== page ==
A Routine for Young Children

Children who are young thrive on order. If you have a certain way of doing things every day, your children will squabble less and be more productive. Yes, they will be happier because they feel like they've gotten something done. If your young children are pulling on you all day and complaining because they feel like they have nothing to do, this will wear you out and you will have no energy.

A structure to the day causes the child to smoothly transition from one activity to the next. The things that your child doesn't naturally like to do will be done as a matter of course because that's the way it's done every day. For example, if you sometimes have nap time for your three-year-old and sometimes don't, temper tantrums can erupt because the activity will be seen as optional. If it always happens, then they will automatically do it. Their bodies will have a rhythm where they are ready to lie down because of the great, productive things they've done during the morning. They are happily tired. It's like a farmer who sleeps sweeter because of his labor during the day.

When setting up activities for your child in the morning, make sure you have a mix of active vs. quiet activities, physical vs. mental, activities with you vs. solitary activities that are open-ended. You can also alternate between having music or silence. Mix it up. Make the morning interesting. For children ages 0 to 4, an interactive activity only takes five minutes of your time, so intersperse those throughout the morning so they feel that they've connected to you.

First you need to decide what sorts of activities you want your child to do during the day. Ask God what you should be doing with each child. Then make a list of things you would like to do, and fit them into your day, always in the same order. The child's brain is not as fatigued if the order remains the same. It becomes easier for the child to pay attention to the story you are reading if it is done at the same time each day. The familiarity of the routine is comforting.

For a two-year-old girl, you might want to read a Bible story to her after breakfast (5 min.) You could play with alphabet refrigerator magnets to learn the letter sounds (5 min.) You might count something in the room (1 min.) Notice that none of these things requires advanced planning. Just plan it once after praying about it, and do the same thing each day. It is not hard.

Then you could play music quietly in a room that is away from where you are. Classical music, Bible songs, or learning CD's can be in the background while your child does an open-ended activity like blocks, sand, large lacing beads, or wooden puzzles. If they have a habit of playing alone (or with a sibling) during this time of day, it will free you up to spend some time with God and check on your older children, to see if they are progressing on their math. Your own morning is more productive and you have a greater feeling of satisfaction because you yourself got more done because you did a small amount of planning for your younger children.

After your child is finished with one activity, spend five minutes interacting with the child, even if it's just hugging and tickling them. Then set up the next interesting activity, like tangrams, musical instruments, magnets on a cookie sheet, or setting up a fort with a card table and blanket (and throwing in some plastic dishes). Then let them play again for awhile. The possibilities are endless. They can blow on a pinwheel, drive cars on a mat with streets on it, play with a pop-up toy, or match up some memory cards. Young children love putting the chips in the slots of a Connect Four game. Just set it up and walk away, and the toddler will fill up the whole thing. It teaches the child hand-eye coordination.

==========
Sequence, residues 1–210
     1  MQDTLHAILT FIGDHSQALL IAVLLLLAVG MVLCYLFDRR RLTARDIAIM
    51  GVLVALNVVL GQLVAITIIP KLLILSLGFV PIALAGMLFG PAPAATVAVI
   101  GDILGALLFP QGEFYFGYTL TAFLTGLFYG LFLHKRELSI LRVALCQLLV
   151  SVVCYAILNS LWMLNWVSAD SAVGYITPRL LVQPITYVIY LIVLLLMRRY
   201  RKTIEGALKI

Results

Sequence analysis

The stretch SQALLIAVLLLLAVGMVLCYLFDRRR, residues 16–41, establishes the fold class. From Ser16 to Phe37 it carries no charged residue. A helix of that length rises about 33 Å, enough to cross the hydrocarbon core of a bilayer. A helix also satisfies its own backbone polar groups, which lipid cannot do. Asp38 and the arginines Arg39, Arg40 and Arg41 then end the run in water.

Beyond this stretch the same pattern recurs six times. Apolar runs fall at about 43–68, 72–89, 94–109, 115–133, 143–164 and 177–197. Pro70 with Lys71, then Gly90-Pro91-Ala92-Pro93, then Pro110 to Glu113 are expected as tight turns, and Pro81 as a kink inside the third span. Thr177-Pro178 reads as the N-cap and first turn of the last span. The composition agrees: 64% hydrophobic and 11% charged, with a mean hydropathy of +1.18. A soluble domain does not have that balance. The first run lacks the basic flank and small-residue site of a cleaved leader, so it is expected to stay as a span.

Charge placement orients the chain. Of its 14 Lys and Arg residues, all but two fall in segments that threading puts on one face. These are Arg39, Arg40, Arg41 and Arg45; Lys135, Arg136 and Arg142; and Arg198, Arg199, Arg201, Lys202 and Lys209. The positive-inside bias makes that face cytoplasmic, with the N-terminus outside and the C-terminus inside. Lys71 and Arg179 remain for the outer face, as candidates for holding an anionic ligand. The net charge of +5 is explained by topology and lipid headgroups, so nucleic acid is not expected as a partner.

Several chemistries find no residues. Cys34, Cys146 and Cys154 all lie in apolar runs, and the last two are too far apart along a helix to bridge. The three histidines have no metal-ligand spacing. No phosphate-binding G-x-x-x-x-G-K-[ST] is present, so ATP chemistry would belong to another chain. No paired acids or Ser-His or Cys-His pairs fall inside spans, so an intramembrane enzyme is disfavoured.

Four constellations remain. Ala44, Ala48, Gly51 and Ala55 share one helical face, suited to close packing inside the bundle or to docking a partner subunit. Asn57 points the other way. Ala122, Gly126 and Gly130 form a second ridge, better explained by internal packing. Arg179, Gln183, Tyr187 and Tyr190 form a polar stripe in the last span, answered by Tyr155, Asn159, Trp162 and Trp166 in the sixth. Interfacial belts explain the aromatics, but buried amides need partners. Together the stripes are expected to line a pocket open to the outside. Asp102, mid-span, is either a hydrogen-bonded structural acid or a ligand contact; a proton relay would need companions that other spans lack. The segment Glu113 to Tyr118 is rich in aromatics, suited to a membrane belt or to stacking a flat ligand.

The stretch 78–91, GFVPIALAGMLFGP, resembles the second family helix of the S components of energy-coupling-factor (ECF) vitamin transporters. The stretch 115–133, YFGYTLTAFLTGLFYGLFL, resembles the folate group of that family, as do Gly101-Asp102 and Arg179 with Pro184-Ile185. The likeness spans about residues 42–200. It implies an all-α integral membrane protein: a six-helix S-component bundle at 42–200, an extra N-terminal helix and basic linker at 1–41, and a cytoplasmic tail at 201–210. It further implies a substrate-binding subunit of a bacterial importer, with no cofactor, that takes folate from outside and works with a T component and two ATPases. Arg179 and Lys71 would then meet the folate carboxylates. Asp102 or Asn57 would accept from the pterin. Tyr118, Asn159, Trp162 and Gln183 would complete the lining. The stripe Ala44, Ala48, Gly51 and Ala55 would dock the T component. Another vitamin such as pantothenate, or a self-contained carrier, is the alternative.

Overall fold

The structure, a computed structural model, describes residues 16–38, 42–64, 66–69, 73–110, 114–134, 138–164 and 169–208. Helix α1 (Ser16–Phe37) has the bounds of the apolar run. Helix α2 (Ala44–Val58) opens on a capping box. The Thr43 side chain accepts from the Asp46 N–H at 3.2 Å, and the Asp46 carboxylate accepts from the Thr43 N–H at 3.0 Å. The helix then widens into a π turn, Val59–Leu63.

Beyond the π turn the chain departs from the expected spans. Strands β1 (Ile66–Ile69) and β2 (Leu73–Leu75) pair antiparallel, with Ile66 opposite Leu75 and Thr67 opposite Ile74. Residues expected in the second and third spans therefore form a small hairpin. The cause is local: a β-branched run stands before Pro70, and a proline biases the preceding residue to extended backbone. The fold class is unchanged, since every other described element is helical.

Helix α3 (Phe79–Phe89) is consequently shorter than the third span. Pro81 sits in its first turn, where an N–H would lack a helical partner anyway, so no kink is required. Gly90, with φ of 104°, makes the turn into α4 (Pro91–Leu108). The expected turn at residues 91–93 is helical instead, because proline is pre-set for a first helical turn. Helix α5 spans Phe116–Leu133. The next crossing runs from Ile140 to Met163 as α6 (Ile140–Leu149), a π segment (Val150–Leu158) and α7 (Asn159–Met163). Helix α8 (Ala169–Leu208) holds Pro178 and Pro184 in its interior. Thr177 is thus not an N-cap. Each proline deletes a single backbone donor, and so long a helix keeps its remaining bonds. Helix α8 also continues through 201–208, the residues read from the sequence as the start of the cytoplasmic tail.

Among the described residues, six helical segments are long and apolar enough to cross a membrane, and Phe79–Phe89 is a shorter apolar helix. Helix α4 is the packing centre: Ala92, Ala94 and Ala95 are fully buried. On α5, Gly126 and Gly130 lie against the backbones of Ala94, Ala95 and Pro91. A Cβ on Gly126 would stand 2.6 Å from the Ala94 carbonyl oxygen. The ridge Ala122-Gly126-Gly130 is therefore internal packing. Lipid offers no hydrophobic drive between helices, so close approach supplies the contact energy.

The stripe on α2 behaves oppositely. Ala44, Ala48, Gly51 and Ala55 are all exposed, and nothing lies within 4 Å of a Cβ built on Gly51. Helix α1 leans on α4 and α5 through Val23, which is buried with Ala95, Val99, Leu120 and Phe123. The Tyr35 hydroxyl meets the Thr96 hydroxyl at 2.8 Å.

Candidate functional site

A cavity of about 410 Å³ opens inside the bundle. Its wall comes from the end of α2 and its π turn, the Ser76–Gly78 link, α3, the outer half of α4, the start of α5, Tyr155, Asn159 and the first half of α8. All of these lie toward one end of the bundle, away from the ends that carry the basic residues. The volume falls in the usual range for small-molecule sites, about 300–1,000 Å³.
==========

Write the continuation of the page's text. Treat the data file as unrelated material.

I always included my young children in my chores as well. That was part of my routine. (A routine is different than a schedule because you don't have to look at the clock. You let the activity happen until it is naturally finished.) My children would either watch me do the chores, or they would help me in any way they could. I never used nap time for doing chores. Nap time was a refreshing time off, a time to rejuvenate to have energy for my husband at the end of the day. Never work during your break. This is a secret of how to have more energy, and how to enjoy your life more.

After lunch and nap time (older children can read during this time), the afternoon should be more unscheduled. Time outside is desirable if possible. So much can be learned in the backyard, and sunshine and fresh air will help your children to be healthier and happier. Running around and playing is good for them.

The point is to help your young children to progress with their lives, in their understanding of God, in the skills they will need for the rest of their lives, and in their knowledge of the world around them. There is no reason to hold them back and do nothing with them all day. Their imagination and creativity should be sparked. Each day should be fresh and filled with interesting activities. You will notice that if you have a structure to your day, you will feel like you are a better mother, your children will be happier, and you will also have more free time because your child will be occupied with fabulous activities.

For more information about Early Childhood Education, click here.